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Naturalistic Driving Studies: Another tool to assess the impact of driver distraction. Charlie Klauer, Ph.D. What is ‘Naturalistic’ Driving?. No experimenter present Data collected in privately-owned vehicle, preferably Instrumentation = unobtrusive Hidden radar
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Charlie Klauer, Ph.D.
Empirical Data Collection
Large-Scale Naturalistic Data Collection
Highly capable instrumentation (well beyond EDRs)
and Incident Push Button mounted above Rear View Mirror
Mounted behind the Rear View Mirror
magnitude than a near crash.
2. This study allowed the capture and assessment of near crash events in large numbers. Near crashes provide valuable information as a potential surrogate for crash events and as a tool for the assessment of the factors that contributed to the execution of a successful evasive maneuver.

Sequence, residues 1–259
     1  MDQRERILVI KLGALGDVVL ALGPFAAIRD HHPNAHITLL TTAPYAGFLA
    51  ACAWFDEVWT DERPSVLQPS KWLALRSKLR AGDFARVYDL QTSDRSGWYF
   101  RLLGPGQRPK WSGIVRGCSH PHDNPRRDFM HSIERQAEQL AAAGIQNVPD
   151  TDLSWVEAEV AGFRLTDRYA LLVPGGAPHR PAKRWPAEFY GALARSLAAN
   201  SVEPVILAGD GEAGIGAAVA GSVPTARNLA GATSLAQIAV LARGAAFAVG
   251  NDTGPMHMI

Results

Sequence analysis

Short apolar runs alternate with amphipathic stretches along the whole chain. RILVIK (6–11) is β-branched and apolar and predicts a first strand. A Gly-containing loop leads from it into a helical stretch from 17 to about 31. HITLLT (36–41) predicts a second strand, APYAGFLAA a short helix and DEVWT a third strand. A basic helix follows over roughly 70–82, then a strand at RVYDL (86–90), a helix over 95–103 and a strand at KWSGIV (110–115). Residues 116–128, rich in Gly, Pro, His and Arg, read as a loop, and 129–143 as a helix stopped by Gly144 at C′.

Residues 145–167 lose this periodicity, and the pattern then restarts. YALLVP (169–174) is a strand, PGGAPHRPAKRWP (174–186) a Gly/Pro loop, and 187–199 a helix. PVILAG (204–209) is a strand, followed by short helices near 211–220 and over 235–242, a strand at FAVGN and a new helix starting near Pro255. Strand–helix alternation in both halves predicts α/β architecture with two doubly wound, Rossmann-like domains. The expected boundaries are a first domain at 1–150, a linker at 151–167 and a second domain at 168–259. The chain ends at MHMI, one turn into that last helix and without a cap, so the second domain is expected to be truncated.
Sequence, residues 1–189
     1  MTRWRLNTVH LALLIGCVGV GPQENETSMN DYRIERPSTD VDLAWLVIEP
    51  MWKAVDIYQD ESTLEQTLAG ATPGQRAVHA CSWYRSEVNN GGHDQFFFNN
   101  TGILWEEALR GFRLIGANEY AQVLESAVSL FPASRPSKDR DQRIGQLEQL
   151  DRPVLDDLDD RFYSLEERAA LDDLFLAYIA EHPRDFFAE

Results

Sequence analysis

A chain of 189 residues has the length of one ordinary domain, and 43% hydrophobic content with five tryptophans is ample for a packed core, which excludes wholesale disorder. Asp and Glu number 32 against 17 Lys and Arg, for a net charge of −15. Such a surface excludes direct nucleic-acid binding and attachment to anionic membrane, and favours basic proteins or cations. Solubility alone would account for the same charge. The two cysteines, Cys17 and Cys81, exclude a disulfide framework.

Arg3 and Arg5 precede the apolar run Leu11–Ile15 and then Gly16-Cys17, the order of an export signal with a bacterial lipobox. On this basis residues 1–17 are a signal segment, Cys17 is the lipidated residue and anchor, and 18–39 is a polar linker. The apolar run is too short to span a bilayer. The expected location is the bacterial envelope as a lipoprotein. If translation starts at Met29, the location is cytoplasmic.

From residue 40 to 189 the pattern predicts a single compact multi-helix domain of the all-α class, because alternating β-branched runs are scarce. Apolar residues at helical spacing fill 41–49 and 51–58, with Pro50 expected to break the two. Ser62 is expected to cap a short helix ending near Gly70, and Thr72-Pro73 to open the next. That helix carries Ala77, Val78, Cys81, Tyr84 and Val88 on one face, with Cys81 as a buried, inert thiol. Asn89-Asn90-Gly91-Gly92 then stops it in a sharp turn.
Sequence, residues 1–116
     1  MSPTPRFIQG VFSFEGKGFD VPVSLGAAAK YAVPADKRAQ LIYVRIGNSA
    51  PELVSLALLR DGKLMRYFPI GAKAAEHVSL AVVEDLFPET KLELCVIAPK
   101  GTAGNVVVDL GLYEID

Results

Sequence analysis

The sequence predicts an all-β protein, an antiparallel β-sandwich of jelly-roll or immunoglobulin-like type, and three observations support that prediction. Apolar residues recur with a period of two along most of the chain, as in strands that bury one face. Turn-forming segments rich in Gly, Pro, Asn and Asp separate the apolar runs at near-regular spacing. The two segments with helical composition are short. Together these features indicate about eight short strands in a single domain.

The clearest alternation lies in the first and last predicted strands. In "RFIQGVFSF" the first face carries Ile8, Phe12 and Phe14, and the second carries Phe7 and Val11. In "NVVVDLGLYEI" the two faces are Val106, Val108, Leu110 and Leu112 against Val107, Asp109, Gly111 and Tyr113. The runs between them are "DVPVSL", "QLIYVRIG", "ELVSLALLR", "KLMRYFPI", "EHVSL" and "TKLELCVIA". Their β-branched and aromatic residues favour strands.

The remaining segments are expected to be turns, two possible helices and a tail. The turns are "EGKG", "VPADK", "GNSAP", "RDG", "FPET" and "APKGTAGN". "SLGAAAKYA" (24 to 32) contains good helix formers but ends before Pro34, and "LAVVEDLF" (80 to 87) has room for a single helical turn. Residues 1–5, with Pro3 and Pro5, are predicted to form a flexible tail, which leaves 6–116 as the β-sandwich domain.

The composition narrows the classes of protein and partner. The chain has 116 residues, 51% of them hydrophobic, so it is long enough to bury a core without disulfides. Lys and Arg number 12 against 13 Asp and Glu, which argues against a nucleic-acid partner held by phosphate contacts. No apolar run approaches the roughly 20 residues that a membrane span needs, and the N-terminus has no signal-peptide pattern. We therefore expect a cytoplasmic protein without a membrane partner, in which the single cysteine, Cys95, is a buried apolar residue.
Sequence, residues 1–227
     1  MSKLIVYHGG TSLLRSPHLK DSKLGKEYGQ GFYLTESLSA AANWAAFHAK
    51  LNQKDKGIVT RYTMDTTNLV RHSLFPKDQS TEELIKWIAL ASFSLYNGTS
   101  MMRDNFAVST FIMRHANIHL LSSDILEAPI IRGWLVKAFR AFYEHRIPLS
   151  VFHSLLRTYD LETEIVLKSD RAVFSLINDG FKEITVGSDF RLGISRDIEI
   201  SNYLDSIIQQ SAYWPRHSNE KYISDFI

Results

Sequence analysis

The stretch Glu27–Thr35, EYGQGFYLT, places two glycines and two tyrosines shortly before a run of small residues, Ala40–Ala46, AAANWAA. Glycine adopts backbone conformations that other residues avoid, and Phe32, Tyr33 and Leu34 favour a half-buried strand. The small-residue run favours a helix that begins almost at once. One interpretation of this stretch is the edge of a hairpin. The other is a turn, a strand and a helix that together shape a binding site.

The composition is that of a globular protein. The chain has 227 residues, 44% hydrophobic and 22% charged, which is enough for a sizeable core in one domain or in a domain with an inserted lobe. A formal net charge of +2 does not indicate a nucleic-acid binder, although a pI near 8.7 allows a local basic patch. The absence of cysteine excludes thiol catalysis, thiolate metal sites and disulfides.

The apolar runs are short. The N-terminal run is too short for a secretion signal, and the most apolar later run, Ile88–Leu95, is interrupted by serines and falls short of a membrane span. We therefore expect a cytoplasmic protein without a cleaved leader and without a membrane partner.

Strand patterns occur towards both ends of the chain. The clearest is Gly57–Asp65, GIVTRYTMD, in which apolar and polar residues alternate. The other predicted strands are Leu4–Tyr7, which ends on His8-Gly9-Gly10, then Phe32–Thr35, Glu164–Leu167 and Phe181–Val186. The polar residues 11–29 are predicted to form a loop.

3. Inattention to the forward roadway, which was operationally defined as including: 1) secondary task distraction, 2) driving-related inattention to the forward roadway (e.g., blind spot checks), 3) moderate to extreme fatigue, and 4) other non-driving-related eye glances, is the primary contributing factor in most crashes and collisions.
4. 80% of all crashes and 65% of all near crashes involved at least one form of driving inattention just prior to (i.e., within 3 seconds) the onset of the conflict.
5. 93% of the conflict with lead vehicle crashes and minor collisions involved looking away. In 86% of the lead vehicle crashes/collisions, the headway at the onset of the event was greater than 2.0 seconds.
7. Fatigue contributed to crashes/collisions at much higher rates than is reported using existing crash databases. Fatigue was a contributing factor in 20% of all crashes and 12% of near crashes, while most current database estimates place fatigue-related crashes at approximately 2 to 4% of total crashes.
9. The rate of inattention-related crash and near crash events decreased dramatically with age, with the rate being as much as four times higher for the 18-20 year old age group relative to some of the older driver groups (i.e., 35 and up).
Secondary tasks that are moderately to very complex and driver drowsiness have the highest associated crash risk. Very simple secondary tasks do not appear to have a crash risk that is greater than normal driving.
Odds Ratio = (A x D)/(B x C)